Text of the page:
By Larry Crowson
I left Todos Santos around 9 pm, heading to the port outside of LaPaz to catch the midnight ferry across to Los Mochis. The ferry is large ship, which can hold over a hundred passenger cars and many large semi-trucks and other vehicles.
You wait in line for customs as you’re heading into mainland Mexico. Baja has always been treated differently by customs, as they really don’t check much at the TJ border or military checkpoints, their main interest is stopping drugs moving north. Every person or vehicle is stopped and you must show your papers and they ask you what you’re bringing into Mexico. They’re likely to search your car. They give me a light once-over and move me along pretty easy really. The real trip was driving up the ramp with my SUV. They pack all of the trucks and cars like sardines in a can but with very specific weight distribution guidelines. You park and squeeze out and walk up the several flights of stairs and escalators to the main deck. They have two huge dining rooms with TVs everywhere showing movies, soccer, and video games and, of course, a big bar. There’s a scramble to find a good seat for the all night crossing. You can purchase a private berth with a bed and bathroom for another $50. It cost me $170 US for the car and driver. The ship has several topside decks allowing you to move around if you want. Pretty easy crossing in hindsight, but I wish I had gotten a berth. I got real sleepy and most of the good loungers where gone when I got topside and everyone was sprawled out sleeping or resting. The night sky was clear and the crossing was smooth sailing all the way.
As you depart the ferry in Los Mochis, it becomes fast paced, as everyone is raring to go. As you get off you go thru another military checkpoint and I get picked out for another inspection. My papers are good but I was concerned about the fact that the guy who owns the car wasn’t with me and technically he’s supposed to be in the car, as per the Mexican foreign import car permitting. In Mexico, if a local Mexican gets stopped driving a gringo’s car it will most certainly get impounded and you might never see it again, but they usually just wave all gringos thru checkpoints. There has been a very concerted effort by the Mexican Government to try to make moving and buying here a better experience for foreigners; they realize what a huge cash cow we all are to their continued growth. Several US research groups have identified that as many as 26 million baby boomers from the US and Canada will be looking to move to Mexico over the next 20 years seeking a higher standard of living than they can afford up north.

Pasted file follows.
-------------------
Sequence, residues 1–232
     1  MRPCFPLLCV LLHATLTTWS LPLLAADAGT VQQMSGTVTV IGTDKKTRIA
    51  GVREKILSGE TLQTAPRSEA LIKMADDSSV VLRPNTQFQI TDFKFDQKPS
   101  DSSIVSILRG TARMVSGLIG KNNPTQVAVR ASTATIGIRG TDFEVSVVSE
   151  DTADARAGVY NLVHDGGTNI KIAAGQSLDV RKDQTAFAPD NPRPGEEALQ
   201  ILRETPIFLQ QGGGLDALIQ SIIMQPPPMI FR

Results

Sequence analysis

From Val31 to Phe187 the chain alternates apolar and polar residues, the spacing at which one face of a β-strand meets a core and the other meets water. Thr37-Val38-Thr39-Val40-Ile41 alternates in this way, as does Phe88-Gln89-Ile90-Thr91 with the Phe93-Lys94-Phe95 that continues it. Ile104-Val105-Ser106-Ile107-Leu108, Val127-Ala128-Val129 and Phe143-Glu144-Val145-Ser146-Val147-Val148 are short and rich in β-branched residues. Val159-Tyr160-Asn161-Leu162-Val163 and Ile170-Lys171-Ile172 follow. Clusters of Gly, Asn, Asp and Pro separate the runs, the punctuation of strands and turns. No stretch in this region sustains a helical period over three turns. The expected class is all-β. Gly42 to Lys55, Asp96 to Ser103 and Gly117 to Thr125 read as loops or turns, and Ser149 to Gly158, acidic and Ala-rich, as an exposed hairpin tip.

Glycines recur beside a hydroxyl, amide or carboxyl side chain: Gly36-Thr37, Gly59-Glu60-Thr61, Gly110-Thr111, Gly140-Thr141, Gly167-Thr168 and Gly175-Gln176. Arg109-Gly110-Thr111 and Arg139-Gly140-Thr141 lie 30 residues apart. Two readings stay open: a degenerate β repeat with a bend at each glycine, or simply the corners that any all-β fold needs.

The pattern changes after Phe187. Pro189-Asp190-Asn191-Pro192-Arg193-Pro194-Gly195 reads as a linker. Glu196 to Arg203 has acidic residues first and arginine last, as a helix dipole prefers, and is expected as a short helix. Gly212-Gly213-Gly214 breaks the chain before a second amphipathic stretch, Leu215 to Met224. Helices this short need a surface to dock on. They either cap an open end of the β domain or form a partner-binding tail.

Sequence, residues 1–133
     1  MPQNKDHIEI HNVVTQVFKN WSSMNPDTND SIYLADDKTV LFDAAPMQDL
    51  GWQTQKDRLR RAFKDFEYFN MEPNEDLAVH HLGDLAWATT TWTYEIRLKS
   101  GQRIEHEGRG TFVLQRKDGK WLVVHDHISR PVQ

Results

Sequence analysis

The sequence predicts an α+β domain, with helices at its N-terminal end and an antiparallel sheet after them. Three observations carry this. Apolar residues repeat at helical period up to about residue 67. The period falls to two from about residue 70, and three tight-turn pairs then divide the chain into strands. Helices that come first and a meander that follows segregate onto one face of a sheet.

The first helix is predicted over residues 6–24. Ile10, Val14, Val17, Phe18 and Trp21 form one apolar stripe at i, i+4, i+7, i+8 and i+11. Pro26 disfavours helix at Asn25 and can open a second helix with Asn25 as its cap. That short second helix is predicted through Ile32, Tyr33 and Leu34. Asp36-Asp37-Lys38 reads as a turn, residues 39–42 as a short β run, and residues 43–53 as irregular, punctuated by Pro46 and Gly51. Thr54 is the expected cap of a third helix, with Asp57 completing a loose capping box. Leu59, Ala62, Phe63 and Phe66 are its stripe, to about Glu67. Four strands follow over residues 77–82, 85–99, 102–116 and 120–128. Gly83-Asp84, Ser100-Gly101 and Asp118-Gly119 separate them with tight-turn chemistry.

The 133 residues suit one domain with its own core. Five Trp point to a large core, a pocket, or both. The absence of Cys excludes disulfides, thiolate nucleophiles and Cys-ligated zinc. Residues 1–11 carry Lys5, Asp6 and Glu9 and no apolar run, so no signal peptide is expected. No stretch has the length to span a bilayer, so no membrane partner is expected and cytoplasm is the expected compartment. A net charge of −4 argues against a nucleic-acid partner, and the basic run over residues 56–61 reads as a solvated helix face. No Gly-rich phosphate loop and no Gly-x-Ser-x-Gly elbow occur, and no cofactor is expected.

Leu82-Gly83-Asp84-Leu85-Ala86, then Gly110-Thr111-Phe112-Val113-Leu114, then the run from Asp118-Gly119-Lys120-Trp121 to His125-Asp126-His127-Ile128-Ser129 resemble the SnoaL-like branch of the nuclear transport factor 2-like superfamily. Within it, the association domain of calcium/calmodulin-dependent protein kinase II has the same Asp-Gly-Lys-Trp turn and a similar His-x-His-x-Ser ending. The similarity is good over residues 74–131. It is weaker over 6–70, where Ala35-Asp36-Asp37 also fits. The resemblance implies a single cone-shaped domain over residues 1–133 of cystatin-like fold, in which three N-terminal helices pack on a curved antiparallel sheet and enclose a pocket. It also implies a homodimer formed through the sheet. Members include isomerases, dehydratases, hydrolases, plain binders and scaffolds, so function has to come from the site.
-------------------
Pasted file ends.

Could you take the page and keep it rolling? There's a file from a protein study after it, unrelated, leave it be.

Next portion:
My experience has been that they usually don’t mess with gringos. Sure enough, I get a guy who’s a stickler for rules and he knows he got me dead. I have a letter of permission from Honda Credit, copies of Joe’s passport & drivers license, the shipping manifest from Hawaii. I should back up here and tell that I’m driving a car just off the boat from Hawaii—the guy who owns it has a New York driver’s license with a title and plates from Hawaii. So you can imagine their curiosity with me and all of my confusing—at least to them—paperwork. Mexico is fighting a big war here on stolen cars from the US, so I must have looked like a potential bad guy with different paperwork.
I do pride myself on being able to talk my way out of most things and this would be a test. Pretty soon, I’m dealing with the Captain and he’s not pleased with me at all. His English is good enough so we can get on with it. I tell again that Joe was with me but he got hurt body surfing in Baja and flew ahead to Cancun as his back was killing him and he couldn’t possibly make the 5-6 days of driving in the car. I had asked Joe ahead of time for just such a letter in case I got stopped, but he never emailed it to me to print off. I understand their mindset about rules and the opportunity to negotiate a fine or mordia. We started off at $1,000 US and they wouldn’t impound the car, which they could have done. After 2 hours we were down to $250, and I promised to fly right home and scold Joe for putting me at risk. It was all pretty civilized and I was at fault. If it hadn’t been such a busy shipping day for commercial trucks, I might have gotten out of there in 20 minutes.